Justia Criminal Law Opinion Summaries

by
Defendant was convicted of thirteen crimes in connection to his driving a stolen semitruck and trailer to a wholesale tire business, breaking into the fence yard, stealing tires, leading police officers on a high-speed chase, and then fleeing on foot after crashing the semi into a wall.The Court of Appeal concluded that while the trial court erred when it instructed the jury on Vehicle Code section 10851, subdivision (a), and section 496d, subdivision (a), the error was harmless because defendant's conviction on count 12 may be construed as based on post-theft driving. The court rejected defendant's challenge to the sentence on count 10 for vandalism under section 654. However, with respect to defendant's Dueñas claim, the court concluded that defendant did not forfeit review of his claim and on this undeveloped record, it is appropriate to remand the matter for the limited purpose of allowing the parties to address the issues and make a record. Finally, in the event that there is no change to the judgment following proceedings on defendant's ability-to-pay claim, the court ordered the trial court, on its own motion, to correct the abstract of judgment to reflect imposition of a total court operations assessment of $520 under section 1465.8 and a total court facilities assessment of $390 under Government Code section 70373. (The opinion is certified for publication with the exception of parts I. and II. of the Discussion.) View "People v. Montes" on Justia Law

by
Delavega was charged with murder with three firearm enhancements under Penal Code section 12022.53(b), (c), and (d). The subdivision (d) enhancement applies when a defendant is found to have personally and intentionally discharged a firearm causing death; subdivision (b) applies when a defendant is found to have personally used a firearm; subdivision (c) applies when a defendant is found to have intentionally discharged a firearm. The (b) and (c) enhancements are lesser included enhancements of the (d) enhancement. A defendant who violates subdivision (d) necessarily violates (b) and (c). The verdict forms did not reference the subdivisions (b) and (c). The jury made no finding as to either. The jury convicted Delavega of second-degree murder and found true the subdivision (d) enhancement.Delavega asked the court to exercise its discretion under Senate Bill 620 to strike the subdivision (d) enhancement, which carries a term of 25 years to life. The court declined and sentenced Delavega to 40 years to life in prison, stating that it had only “two choices, the 15 to life . . . or the 40 to life .... There’s no splitting the difference” and that it was not “justifiable” to strike the enhancement. The court of appeal affirmed. When a lesser enhancement was separately charged under section 12022.53 but was not determined to be true, the trial court lacks discretion to impose it upon striking a greater enhancement under the statute. View "People v. Delavega" on Justia Law

by
McGee, Frazier, and Glaspie, were transporting heroin from Chicago to Minneapolis. Police stopped their vehicle for speeding. None of the men had valid driver’s licenses. The vehicle was registered to McGee’s girlfriend. McGee consented to a canine “free air sniff.” The canine alerted to the presence of drugs. Officers found more than 100 grams of heroin and fentanyl inside the vehicle. McGee was charged with possession with intent to distribute, 21 U.S.C. 841(a)(1). Glaspie told police that McGee asked him to accompany McGee on the trip and that McGee had hidden the drugs. An inmate housed with McGee told investigators that McGee said that the heroin belonged to McGee and that McGee paid Frazier to drive. While in jail, McGee called McMillan, a drug dealer with whom he worked. McMillan scolded McGee for hiding the drugs badly and blamed McGee for failing to instruct Frazier to slow downMcGee pleaded guilty. The district court applied a two-level enhancement for being an “organizer, leader, manager, or supervisor in the criminal activity” under USSG 3B1.1(c), calculated McGee’s Guidelines range as 92-115 months (without the leadership enhancement, 77-96 months), and sentenced McGee to 84 months’ imprisonment. The Seventh Circuit vacated. The court erred in imposing the leadership enhancement. The evidence suggests McGee was a “middleman.” The court miscalculated McGee’s criminal history points by erroneously considering a DUI conviction from 2007 View "United States v. McGee" on Justia Law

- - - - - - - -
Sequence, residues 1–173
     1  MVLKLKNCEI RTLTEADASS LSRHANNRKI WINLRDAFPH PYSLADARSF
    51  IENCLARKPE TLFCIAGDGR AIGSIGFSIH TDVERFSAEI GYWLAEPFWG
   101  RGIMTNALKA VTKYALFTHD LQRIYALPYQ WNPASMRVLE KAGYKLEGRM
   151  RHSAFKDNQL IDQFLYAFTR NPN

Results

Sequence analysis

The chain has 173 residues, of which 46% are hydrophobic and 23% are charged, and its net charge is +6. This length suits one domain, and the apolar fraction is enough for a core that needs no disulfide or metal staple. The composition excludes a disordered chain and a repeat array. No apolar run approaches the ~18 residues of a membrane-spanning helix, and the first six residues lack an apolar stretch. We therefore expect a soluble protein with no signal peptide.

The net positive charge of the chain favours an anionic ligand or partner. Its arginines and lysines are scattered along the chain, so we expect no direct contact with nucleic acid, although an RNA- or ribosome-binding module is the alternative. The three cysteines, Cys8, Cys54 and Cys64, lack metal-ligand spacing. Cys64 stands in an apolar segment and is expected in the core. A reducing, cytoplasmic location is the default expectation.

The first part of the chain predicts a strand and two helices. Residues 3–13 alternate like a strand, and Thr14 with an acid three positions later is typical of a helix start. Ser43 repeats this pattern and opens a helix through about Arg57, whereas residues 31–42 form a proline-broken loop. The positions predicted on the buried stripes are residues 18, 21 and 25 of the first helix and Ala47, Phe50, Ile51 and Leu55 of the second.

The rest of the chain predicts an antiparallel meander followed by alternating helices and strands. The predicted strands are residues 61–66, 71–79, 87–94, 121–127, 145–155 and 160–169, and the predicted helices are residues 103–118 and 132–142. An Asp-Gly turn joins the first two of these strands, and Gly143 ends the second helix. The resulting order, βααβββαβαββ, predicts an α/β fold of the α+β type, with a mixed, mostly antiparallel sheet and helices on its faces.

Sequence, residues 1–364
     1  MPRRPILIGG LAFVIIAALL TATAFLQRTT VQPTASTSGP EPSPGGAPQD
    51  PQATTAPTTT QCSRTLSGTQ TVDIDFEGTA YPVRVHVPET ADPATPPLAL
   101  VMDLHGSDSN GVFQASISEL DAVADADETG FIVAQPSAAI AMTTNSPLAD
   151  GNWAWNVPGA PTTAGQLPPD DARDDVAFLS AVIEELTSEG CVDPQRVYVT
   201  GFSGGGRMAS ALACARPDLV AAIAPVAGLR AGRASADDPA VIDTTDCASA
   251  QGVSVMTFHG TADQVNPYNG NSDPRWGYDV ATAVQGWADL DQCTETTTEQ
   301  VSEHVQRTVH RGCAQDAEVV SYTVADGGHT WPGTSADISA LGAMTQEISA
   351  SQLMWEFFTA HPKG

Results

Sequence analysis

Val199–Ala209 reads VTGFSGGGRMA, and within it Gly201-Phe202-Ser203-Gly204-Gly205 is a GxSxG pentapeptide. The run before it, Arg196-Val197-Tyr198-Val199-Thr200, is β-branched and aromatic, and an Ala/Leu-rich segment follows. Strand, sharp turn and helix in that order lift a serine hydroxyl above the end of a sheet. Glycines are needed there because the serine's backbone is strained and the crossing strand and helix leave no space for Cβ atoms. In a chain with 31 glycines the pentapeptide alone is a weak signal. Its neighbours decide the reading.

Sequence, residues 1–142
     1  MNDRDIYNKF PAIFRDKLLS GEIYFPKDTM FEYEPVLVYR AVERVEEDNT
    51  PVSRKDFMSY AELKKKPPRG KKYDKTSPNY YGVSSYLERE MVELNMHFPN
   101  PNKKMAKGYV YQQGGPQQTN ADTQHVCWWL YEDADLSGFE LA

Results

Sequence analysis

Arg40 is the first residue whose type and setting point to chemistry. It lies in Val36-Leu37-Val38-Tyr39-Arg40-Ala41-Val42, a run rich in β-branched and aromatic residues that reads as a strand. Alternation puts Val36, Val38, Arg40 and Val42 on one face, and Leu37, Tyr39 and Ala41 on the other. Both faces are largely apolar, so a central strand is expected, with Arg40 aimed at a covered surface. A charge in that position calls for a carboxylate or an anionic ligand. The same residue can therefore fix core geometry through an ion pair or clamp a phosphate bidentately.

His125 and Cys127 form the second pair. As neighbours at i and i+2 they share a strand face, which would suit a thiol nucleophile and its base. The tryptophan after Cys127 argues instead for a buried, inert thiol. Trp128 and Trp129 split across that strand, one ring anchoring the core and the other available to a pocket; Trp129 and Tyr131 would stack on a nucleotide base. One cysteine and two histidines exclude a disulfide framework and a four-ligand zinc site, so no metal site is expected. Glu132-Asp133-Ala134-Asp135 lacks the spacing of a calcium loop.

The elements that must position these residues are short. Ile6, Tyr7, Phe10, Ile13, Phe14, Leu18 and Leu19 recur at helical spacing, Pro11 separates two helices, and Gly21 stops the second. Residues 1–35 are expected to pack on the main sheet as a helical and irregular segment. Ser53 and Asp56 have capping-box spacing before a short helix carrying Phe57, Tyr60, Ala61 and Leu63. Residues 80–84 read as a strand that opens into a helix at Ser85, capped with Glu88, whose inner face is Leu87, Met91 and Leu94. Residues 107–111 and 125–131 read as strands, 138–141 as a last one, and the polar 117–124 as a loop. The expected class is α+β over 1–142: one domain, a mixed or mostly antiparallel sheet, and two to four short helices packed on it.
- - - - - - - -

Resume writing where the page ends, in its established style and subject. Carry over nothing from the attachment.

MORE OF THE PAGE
by
The Fourth Circuit affirmed defendant's 360-month sentence imposed after he pleaded guilty to one count of sexual exploitation of a child. The court held that defendant's sentence is both procedurally and substantively reasonable. In this case, the district court did not err by failing to explain why it had rejected all of his non-frivolous arguments for a downward variance from the Guidelines range; the district court did not plainly err by applying a sentencing enhancement under USSG 2G2.1(b)(5) for violation 18 U.S.C. 2251(a) as "a parent, relative, or legal guardian of the minor involved in the offense;" and defendant's within-Guidelines sentence was substantively reasonable where the district court considered defendant's criminal history and his acceptance of responsibility, and did not impose an unreasonable sentence. View "United States v. Lester" on Justia Law

by
In light of the Supreme Court's decision in Dickerson v. United States, 530 U.S. 428 (2000), which held that Miranda is a rule of constitutional law that could not be overruled by congressional action, the Ninth Circuit concluded that where the unMirandized statement has been used against the defendant in the prosecution's case in chief in a prior criminal proceeding, the defendant has been deprived of his Fifth Amendment right against self-incrimination, and he may assert a claim against the state official who deprived him of that right under 42 U.S.C. 1983.In this case, plaintiff alleged that his Fifth Amendment right against self-incrimination was violated when his un-Mirandized statement was used against him at his criminal trial. The panel concluded that plaintiff sufficiently demonstrated a Fifth Amendment violation caused by the officer under section 1983, such that the district court erred by failing to instruct the jury on this claim. The panel explained that there is no question that plaintiff's statement was introduced into evidence in the failed state criminal prosecution of him. Furthermore, there is no question that the officer "caused" the introduction of the statements at plaintiff's criminal trial even though the officer himself was not the prosecutor. The panel also concluded that the error was not harmless. Accordingly, the panel vacated the district court's judgment on the jury's verdict; reversed the district court's judgment as to plaintiff's requested jury instruction; and remanded for a new trial. View "Tekoh v. County of Los Angeles" on Justia Law